Both the knee and the shoulder examinations follow the same simple structure - Look, Feel, Move, Special Tests, Function. In an OSCE situation, make sure to check the card as to which shoulder/knee you've been asked to examine, either one or both. In all situations you'll be comparing the 'normal' joint to the 'problem' joint, so the following steps are to be done on both sides, beginning with the normal joint.
As with all the examinations, begin with the same opening sequence. Being friendly and rewording questions to make them sound less rehearsed will make your bedside manner appear much more natural and confident.
- Wash hands
- Introduce yourself
- Confirm their name, age and date of birth (try and remember the first 2 for your closing summary!)
- Consent eg. I've been asked to examine your knee today which will involve having a look, feel and move around of your knee - is that alright with you? - Again, rephrase to what you feel most natural saying.
- Check for pain or problems in movement
- Expose the patient appropriately (remove trousers or at least thigh to mid calf)
There are number of things that you need to look for and comment on their presence or absence. Although you will probably learn the list of what to say, make sure you're actively looking all around both knees, they'll know if you're just rattling out a list and not paying any attention to the patient.
- Asymmetry or abnormal posture
- Erythema or any other discolouration/skin changes
- Muscle wasting
Remember before touching the patient to always ask their permission. I'm now going to feel over both of your knees starting with the 'normal' side, is that ok? If you feel any pain during the examination then please let me know. Remember also to maintain eye contact with the patient so you can show the examiner you are focused on the patient and any potential pain or discomfort.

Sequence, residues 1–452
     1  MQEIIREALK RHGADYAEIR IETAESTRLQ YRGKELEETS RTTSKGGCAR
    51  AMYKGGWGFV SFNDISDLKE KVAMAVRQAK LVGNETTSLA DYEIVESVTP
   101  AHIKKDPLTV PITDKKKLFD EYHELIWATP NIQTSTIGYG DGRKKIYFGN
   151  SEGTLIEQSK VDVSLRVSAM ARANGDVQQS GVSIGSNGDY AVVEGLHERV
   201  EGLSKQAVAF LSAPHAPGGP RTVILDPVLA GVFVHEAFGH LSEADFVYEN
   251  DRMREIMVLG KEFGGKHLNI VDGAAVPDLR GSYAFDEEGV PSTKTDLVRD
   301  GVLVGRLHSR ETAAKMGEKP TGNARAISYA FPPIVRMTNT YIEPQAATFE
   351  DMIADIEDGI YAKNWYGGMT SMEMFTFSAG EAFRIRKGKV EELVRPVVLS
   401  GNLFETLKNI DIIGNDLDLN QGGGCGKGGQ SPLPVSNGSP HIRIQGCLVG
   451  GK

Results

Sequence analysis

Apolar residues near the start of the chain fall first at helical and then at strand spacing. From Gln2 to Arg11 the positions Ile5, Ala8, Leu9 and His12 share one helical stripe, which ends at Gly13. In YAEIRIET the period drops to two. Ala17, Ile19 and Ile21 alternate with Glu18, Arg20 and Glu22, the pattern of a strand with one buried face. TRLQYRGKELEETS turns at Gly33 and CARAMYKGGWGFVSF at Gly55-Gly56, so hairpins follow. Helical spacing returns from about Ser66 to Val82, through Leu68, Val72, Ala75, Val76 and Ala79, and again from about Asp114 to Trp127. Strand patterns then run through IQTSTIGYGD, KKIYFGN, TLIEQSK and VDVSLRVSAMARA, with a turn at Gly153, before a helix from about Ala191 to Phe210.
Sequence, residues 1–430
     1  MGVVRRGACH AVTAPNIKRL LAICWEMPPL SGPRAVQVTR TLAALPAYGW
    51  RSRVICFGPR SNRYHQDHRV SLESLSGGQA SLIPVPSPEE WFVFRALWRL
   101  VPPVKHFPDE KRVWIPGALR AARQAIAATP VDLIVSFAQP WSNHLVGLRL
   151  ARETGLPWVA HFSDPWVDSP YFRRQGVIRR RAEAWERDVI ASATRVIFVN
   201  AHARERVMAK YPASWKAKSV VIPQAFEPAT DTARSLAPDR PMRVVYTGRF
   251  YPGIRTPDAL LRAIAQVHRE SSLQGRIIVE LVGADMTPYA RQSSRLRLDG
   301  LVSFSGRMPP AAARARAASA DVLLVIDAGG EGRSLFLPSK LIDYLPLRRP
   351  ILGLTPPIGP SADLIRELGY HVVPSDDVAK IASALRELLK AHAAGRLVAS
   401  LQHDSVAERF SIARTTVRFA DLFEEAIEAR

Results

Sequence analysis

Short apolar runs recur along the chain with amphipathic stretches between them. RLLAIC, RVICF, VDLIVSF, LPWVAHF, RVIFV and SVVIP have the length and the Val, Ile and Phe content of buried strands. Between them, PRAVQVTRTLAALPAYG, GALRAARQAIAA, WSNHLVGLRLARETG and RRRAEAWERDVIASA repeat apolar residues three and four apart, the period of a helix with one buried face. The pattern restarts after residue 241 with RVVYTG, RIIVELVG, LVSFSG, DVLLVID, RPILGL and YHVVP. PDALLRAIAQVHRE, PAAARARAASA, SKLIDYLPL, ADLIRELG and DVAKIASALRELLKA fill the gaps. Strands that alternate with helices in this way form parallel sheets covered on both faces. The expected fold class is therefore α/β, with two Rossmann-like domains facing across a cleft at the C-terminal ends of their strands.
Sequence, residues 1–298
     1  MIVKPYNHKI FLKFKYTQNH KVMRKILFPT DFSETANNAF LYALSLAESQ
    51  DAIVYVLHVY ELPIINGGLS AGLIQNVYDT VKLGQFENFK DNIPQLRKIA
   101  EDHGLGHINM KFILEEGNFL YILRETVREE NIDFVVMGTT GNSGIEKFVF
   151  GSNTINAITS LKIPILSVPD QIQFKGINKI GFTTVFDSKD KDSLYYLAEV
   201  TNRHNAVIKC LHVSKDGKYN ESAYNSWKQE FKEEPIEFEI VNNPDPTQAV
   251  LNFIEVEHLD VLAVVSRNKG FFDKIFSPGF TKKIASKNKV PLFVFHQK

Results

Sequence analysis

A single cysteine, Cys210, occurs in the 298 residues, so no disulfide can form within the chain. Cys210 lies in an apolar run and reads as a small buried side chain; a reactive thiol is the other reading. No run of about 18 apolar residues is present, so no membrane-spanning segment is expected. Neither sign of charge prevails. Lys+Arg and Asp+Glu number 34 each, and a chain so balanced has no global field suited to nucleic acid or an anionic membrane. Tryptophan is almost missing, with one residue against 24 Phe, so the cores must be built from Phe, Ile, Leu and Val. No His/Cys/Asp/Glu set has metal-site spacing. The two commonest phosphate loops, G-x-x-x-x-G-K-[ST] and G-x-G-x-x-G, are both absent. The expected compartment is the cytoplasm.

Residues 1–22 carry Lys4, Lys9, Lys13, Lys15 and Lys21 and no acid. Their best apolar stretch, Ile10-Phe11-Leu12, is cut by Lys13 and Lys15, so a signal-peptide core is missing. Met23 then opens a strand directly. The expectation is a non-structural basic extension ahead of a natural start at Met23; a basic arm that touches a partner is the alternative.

- Compare the TEMPERATURE over both knees and surrounding areas using the back of your hand.
- With the leg straight and using two fingers, palpate for TENDERNESS over the border of the patella
- With the legs flexed to 90 degrees palpate for swelling over the whole knee joint. Make sure to include the quadriceps tendon, around the patella, patella tendon, joint lines and insertion of ligaments.
- Feel behind the knee for a Baker's cyst.
- Check for EFFUSIONS using the patella tap test (push all the fluid down to over the patella and press down with a finger.
- Assess for FLUID by sweeping to one side of the knee and looking for any bulges.
Movements and Special Tests
- ACTIVE MOVEMENT - Can you flex and extend your knees for me please?
- PASSIVE MOVEMENT - Ask them to give you the weight of their leg, and flex/extend the knee with your other hand on top of the knee to feel for any crepitus.
- CRUCIATE LIGAMENTS - With the knees flexed to 90 degrees, inspect from the side for any posterior sag. Then sit on the bed with your thumbs either side of the tibial tuberosities and your elbow stabilising the lower leg. Pull sharply forward and then back for the anterior/posterior draw test.
- COLLATERAL LIGAMENTS - With the knees flexed to 15 degrees, take the weight of the leg and assess the stability of the ligaments by moving lower leg side to side.
There is no tenderness or laxity in the cruciate or collateral ligaments is a good phrase to use now.
- Can you stand up for me please? Inspect the back of the knees using the same list as above, and then check for fullness in the popliteal fossae or obvious Baker's cysts.
- Can you walk to the curtain and back for me please? Check for any abnormal gait.
As always, end your examination by thanking the patient, allowing them to cover themselves up, and washing your hands.
SUMMARY - as at the end of every examination you will be asked to summarise your findings. Begin with their name and age, and then briefly comment on each section before finishing with an overall statement such as this was a normal shoulder examination.
For more information on the knee exam and to see a demonstration please refer to this video, created by All Access Medicine: